Lots of great opportunities to learn and share Restorative Practices this month!
The primary focus for me in September has been writing and revising my dissertation. I have a full draft due on October 8th, so am working away! Wish me luck!
I have also had some great opportunities for engaged practice this month. My colleagues, Haley and Sarah, and I were asked to participate in a campus event called Sex in the Hub. Billed as “the sex talk you wish you had,” the event focused on sexual health and consent, and also had a very powerful exhibit where you could listen to audio recordings of stories of sexual assault from students. It was heartbreaking and incredibly moving. We were there to facilitate circles as a way to debrief the experience of the exhibit.
On the training front, Chris and I led a half-day workshop on Leadership and Restorative Practices as part of the Leading People Program at VUW. It is great to see the University increasingly embracing the restorative vision! I also gave a talk about restorative justice to a study abroad group visiting Wellington and had the chance to bring circle practice to a local church community. You can read more about that experience here.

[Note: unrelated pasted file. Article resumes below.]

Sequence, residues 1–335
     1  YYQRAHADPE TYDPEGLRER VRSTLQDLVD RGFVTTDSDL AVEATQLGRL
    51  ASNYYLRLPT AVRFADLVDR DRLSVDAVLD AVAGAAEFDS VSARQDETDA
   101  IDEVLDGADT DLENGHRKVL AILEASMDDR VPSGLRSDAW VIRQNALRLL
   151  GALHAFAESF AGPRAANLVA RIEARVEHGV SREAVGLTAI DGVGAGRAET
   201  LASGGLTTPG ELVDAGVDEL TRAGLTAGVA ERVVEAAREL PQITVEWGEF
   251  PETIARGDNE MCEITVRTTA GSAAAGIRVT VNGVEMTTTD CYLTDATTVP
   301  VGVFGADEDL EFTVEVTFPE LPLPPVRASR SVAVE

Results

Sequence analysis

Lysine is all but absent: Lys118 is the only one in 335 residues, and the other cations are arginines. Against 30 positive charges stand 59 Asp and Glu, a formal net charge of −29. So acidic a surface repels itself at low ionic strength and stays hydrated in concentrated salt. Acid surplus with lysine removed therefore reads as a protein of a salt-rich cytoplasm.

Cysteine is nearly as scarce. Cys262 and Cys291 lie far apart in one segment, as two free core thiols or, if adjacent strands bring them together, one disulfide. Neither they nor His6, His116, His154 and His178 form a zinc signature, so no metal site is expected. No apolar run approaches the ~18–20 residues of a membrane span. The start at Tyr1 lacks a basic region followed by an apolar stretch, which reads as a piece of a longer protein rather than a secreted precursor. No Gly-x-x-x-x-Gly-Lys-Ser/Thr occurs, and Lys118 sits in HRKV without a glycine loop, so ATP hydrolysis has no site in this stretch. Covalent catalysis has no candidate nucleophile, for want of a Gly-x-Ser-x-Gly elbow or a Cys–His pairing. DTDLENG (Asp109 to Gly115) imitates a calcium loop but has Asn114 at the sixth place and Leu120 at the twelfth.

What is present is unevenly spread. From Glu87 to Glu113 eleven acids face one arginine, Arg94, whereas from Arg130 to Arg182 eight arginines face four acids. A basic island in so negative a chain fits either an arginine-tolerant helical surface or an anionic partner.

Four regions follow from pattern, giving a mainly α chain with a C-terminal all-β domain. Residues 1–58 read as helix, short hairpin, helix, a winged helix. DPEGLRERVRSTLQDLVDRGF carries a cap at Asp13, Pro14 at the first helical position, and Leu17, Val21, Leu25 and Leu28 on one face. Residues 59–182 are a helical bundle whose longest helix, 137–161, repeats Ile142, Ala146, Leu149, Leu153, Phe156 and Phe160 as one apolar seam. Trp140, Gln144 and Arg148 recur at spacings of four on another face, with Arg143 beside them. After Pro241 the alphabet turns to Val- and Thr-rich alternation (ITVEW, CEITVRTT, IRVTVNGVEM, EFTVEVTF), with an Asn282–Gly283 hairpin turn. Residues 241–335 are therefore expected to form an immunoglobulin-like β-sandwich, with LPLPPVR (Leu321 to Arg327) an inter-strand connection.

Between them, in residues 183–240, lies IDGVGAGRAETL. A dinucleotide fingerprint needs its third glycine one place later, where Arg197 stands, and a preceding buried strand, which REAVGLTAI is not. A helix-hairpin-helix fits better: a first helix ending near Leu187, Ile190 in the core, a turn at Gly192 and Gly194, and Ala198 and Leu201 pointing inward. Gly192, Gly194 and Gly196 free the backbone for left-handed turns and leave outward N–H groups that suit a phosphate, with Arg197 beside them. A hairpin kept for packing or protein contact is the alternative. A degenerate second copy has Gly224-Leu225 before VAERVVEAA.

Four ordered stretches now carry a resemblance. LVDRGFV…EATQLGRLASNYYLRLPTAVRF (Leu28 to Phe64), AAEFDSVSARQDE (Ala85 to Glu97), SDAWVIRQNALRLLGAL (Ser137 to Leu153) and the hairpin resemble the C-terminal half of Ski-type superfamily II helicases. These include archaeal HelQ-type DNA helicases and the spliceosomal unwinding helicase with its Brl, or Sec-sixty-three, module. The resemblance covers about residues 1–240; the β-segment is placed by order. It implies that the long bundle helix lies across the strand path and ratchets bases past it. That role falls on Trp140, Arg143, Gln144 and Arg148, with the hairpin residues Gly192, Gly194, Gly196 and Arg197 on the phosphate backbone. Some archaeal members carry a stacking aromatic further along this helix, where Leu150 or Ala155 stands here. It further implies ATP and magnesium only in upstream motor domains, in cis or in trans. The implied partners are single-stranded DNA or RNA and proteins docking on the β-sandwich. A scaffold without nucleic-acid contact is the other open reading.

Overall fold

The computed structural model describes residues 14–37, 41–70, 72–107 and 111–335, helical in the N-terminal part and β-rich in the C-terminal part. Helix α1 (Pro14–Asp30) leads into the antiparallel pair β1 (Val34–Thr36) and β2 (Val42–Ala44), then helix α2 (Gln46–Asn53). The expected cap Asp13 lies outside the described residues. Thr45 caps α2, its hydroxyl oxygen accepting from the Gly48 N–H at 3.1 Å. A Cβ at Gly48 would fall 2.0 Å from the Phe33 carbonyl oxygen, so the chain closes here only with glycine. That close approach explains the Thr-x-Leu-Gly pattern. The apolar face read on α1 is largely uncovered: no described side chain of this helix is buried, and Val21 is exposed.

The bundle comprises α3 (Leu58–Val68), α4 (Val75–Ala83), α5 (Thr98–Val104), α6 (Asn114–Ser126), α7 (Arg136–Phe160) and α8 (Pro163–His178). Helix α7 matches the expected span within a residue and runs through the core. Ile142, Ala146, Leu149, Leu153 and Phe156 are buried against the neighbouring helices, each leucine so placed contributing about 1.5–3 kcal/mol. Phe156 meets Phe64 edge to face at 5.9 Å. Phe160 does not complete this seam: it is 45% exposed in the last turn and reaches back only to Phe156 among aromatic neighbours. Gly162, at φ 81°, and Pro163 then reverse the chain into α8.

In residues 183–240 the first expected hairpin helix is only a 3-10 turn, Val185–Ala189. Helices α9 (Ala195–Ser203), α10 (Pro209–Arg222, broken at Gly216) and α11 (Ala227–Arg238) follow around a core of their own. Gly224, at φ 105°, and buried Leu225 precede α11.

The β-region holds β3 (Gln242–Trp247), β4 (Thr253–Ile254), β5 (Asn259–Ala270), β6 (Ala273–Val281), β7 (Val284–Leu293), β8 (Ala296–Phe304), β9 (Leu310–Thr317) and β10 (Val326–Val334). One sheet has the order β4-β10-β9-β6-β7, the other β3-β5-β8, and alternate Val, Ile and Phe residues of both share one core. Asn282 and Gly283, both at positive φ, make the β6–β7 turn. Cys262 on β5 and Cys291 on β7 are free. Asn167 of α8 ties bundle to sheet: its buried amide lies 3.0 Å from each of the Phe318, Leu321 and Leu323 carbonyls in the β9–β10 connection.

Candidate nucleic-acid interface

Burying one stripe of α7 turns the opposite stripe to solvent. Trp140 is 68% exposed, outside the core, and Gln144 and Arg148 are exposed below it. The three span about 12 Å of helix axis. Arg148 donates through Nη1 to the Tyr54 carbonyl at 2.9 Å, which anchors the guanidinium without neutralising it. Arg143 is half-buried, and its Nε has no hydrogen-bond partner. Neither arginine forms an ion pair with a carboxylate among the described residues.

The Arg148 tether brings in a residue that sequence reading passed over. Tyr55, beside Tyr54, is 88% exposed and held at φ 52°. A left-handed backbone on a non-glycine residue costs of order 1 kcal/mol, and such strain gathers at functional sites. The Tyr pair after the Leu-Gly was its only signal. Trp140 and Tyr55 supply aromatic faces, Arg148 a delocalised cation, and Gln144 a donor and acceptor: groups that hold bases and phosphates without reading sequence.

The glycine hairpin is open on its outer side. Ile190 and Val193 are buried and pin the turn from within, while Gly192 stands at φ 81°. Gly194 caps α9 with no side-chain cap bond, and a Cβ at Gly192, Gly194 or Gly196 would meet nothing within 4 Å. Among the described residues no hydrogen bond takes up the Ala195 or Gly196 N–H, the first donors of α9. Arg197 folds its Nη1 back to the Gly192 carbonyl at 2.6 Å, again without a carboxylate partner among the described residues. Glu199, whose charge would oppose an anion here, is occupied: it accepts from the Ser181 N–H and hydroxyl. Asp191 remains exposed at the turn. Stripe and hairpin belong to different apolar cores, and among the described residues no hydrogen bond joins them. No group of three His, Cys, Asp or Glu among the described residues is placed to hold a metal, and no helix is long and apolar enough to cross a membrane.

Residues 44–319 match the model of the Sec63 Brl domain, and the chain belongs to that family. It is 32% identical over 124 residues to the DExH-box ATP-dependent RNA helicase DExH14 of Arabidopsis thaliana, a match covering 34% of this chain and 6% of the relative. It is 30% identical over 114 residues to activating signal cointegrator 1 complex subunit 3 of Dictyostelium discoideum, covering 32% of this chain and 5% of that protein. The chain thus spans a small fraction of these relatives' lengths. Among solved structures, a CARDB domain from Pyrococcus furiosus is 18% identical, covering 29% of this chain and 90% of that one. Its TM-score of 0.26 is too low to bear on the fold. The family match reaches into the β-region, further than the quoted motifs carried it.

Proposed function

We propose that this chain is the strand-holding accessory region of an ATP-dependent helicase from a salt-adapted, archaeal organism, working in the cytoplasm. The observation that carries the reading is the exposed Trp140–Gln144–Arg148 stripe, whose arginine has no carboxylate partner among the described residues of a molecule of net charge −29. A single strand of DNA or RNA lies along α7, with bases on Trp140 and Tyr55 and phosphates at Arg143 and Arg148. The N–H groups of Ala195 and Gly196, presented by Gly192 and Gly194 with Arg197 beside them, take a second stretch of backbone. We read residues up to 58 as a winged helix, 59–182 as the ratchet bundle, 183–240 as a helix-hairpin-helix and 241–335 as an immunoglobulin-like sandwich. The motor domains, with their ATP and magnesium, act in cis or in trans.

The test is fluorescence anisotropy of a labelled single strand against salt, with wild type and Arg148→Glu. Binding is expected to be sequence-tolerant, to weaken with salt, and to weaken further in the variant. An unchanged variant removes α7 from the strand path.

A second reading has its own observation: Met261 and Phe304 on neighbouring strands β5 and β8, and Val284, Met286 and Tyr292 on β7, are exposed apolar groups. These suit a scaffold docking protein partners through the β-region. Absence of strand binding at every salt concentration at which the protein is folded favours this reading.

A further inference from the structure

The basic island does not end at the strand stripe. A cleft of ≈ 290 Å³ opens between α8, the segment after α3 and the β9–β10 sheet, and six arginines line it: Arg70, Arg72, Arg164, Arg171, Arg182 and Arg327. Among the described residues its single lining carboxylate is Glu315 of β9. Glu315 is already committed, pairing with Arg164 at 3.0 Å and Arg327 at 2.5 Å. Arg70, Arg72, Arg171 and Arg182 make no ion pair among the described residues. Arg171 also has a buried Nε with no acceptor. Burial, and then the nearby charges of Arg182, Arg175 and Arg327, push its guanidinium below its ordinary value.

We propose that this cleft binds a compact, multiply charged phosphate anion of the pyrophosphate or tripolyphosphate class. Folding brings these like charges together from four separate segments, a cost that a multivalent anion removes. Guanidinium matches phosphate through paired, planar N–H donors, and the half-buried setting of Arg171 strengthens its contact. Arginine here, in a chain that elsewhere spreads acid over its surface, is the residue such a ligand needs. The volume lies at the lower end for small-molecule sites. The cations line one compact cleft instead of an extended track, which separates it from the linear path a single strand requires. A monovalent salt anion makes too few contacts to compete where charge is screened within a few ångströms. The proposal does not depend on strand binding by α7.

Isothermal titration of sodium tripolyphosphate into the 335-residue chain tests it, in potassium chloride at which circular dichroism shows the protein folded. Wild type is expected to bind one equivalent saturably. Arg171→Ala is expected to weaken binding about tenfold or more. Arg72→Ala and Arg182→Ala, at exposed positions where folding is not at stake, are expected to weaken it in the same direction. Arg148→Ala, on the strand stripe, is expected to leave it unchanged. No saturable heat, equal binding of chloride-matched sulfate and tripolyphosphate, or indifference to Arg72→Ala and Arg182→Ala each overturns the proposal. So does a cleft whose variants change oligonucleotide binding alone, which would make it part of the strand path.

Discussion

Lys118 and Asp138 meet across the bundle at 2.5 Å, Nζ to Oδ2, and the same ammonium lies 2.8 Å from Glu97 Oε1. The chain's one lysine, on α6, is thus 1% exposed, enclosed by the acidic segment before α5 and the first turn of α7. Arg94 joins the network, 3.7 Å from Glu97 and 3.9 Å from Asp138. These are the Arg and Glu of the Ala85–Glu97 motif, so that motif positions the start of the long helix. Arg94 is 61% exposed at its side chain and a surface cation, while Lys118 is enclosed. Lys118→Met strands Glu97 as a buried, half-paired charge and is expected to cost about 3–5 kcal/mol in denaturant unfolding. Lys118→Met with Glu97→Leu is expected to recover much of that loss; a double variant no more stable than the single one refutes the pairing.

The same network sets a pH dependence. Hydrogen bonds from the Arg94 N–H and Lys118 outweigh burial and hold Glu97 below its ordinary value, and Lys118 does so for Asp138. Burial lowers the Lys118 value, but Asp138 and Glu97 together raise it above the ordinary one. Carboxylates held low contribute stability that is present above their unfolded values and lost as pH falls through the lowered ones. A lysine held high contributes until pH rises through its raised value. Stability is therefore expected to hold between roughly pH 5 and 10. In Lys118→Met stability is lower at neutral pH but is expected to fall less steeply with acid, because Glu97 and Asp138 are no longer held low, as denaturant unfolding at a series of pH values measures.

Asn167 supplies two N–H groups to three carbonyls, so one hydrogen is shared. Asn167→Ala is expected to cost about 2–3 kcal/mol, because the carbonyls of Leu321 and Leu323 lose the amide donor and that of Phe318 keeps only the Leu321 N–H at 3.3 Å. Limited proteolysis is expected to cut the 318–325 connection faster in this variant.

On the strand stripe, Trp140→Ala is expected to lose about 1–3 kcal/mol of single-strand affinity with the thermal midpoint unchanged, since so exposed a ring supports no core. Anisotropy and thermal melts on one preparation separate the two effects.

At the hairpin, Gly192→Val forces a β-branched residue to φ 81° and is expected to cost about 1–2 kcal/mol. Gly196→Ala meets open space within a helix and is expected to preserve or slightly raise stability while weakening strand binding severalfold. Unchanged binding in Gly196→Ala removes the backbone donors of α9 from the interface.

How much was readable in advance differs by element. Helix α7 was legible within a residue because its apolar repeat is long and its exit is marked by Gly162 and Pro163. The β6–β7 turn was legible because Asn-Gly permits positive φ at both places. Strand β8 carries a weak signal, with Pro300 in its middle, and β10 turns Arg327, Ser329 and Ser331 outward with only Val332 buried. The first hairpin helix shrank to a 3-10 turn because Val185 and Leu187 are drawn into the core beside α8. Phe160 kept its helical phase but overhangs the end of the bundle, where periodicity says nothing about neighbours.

One of the things I had the most fun with this month was playing with the idea of how images can effectively portray the idea of restorative justice. I ended up commissioning an image of a Restorative Lady Justice from a local artist. You can read more about my thought process and see that image here.
You can check out the lasted edition of the Rotary Peacebuilder Newsletter reflecting on Sticks and Carrots here. My contribution is titled “Beyond the Carrot and the Stick.” We are also now sharing these newsletters on a Rotary Peacebuilder blog.
I contributed several pieces to the most recent Restorative Well, the National Association of Community and Restorative Justice newsletter. You can read that here.
Finally, I mentioned in July that David Karp visited VUW and gave an excellent lecture on the use of RJ for sexual assault cases in the university context. A recording of that lecture has now been posted here.